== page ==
An unkempt romantic streak runs through the last two decades’ worth of Texas songwriting, identifiable by its occasionally bombastic representations of violence and its more pervasive attempts at inflating even trenchantly average characters to the status of archetypes. As a lyrical tendency, it least serves those who insist on concocting “everyman” identities for themselves as performers: the collision of commonplace lyrical conceits and overstated emotionalism (which almost invariably verges on cliche) necessarily displace anything like quietude or anxiety, and a vast potential for subtle emotion is lost as a result. Its persistence in the culture speaks to an undercurrent of soul-curdling boredom.
The lack of distinction between moments of true psychic upheaval and those of resonant reflection (the two are hopelessly conflated in the unyielding pursuit of a phraseology of glorified transcendence, often through acts of aggression) betrays a near-tragic paucity of both.
That there is something profoundly American about that kind of boredom — that it is the by-product of an idealized separation from modern life, born out of suspicion of the far more sinister inflations of personality produced by the official organs of that society — should come as no surprise. In order to tolerate the solitude, there are those who paradoxically turn to the manic aggrandizement of the minutiae of their lives, and they have made their mark on our musical culture whether we care for it or not.
The records made in the late ’70s and early ’80s by Terry Allen, nationally renowned sculptor and erstwhile Lubbock troubadour, are scarred by that brand of romanticism. Recorded in the summer of 1980 with the Joe Ely band at its fullest compliment (including Jesse Taylor on electric guitar; the ubiquitous Lloyd Maines on guitars, steel, and dobro; and Richard Bowden on fiddle and mandolin), Smokin’ The Dummy is nominally a record about lives lived at the bottom of a bottle or behind the wheel of a truck, all blown up out of proportion to their real share of pathos.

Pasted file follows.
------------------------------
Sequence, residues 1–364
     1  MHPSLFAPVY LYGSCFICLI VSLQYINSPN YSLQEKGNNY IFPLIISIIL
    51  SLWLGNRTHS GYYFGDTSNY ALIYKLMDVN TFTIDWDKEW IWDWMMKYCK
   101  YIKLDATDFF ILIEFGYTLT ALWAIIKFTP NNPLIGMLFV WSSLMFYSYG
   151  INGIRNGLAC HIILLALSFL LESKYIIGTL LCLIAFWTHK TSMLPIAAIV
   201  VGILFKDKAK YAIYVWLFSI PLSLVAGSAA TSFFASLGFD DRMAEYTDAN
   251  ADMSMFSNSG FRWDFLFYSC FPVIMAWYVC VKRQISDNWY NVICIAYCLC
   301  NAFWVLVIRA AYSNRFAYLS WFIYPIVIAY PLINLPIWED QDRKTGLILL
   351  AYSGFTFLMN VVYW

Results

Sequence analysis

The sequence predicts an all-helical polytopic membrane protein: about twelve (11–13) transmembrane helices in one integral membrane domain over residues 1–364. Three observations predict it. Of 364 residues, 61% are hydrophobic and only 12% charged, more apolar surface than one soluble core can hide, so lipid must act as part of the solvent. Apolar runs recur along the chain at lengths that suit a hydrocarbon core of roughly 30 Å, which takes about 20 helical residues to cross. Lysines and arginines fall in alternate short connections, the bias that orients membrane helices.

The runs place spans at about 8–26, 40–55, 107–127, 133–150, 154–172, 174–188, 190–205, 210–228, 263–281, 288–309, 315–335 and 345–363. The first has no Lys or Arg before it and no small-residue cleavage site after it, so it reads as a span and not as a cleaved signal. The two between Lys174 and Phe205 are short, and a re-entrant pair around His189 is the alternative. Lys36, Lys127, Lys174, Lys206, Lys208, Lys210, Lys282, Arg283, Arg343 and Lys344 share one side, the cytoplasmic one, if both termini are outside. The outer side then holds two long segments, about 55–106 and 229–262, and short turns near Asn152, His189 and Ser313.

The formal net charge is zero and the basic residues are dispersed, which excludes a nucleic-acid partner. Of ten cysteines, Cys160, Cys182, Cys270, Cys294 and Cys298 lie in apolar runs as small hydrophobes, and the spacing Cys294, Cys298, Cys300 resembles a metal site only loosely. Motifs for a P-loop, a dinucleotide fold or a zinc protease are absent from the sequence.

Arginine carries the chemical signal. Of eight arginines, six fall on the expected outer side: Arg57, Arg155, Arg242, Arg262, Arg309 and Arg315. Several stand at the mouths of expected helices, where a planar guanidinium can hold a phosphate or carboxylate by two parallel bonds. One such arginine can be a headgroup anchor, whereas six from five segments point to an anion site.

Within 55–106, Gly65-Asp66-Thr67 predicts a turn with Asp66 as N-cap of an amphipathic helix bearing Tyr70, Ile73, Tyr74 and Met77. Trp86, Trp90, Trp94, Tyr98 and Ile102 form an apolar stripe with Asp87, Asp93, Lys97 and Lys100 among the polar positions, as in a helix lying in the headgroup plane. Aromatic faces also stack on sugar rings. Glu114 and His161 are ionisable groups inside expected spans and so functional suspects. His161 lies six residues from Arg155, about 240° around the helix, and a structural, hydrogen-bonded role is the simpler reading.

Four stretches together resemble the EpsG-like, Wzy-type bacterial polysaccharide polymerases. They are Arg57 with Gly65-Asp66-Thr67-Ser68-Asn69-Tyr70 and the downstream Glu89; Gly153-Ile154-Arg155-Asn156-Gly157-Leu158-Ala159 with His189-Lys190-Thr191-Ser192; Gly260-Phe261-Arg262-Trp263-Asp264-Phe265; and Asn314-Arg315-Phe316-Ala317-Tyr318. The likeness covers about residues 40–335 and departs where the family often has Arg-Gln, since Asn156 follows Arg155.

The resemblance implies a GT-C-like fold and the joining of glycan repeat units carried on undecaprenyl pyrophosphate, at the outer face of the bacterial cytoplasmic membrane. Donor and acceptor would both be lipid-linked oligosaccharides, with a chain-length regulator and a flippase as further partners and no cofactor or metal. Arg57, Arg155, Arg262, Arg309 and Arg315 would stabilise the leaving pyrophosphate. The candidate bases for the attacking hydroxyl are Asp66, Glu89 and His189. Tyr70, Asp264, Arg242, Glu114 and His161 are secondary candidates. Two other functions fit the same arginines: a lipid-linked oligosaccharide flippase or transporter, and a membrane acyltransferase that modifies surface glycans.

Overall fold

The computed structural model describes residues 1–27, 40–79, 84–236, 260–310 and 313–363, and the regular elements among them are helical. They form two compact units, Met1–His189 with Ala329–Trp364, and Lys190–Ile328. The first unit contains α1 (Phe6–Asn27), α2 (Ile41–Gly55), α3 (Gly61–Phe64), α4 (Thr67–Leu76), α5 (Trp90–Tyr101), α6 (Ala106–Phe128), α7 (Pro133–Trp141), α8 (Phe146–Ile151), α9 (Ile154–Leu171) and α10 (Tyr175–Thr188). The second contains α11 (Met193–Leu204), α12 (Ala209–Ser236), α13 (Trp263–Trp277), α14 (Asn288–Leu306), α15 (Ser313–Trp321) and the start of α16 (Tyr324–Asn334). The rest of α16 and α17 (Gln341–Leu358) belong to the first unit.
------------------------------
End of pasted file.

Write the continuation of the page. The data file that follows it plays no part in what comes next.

Allen’s words are usually alight with an unrelenting, manic causticity, so much so that one might wonder when he ever stops to breathe. The songs are played accordingly, with a full head of steam and very little in the way of dynamics; Maines’ usual sonic signatures are rubbed blurry by arrangements that don’t give him room to do his work, and god only knows where the acoustic strings listed in the credits got dumped in the mix.
But the real problem with the material on Smokin’ The Dummy is that it lacks the things that have made Joe Ely’s best material great: an original turn of phrase, a surprise twist in a narrative thread, an inversion of the Grand American Themes it flirts with — which reveal some new side to our most common (and most commonly overused) images that had been hidden, or that we’d chosen to deny, up until then.
Allen’s songwriting succumbs to allowing the rage it’s meant to contain to be rendered inarticulate because he settles for the comfort of workaday language while attempting to impart some sort of foreboding about workaday lives. But Jeremiah’s lesson stands to correct him: You’ve got to be able to uncover some hidden truth about your Babylon in order to have grounds for condemning it.
Though you might not suspect it by the familiarity of the players or the consistency of the arrangements with his earlier work, Bloodlines is a somewhat different matter. While still not a testament to incisiveness or subtlety, this set of songs (originally released in 1983) runs Allen’s will to judge headlong into some thorny concerns about the potential appeals of violence that give them some complexity.
“Gimme A Ride To Heaven Boy”, wherein a lonely driver is duped and then carjacked by a gun-toting Jesus lookalike, actually manages to throw a moment of black humor into the proceedings, and the result is a sly comment about the fine line between faith and gullibility. Compare that to “Ourland”, a leering glimpse at homicidal mania couched in a mirage of nationalist grandeur that (matters of prescience aside) succeeds in being both vulgar and guileless, and you cast the difficulty of Allen’s struggles to discern irony from histrionics into stark relief.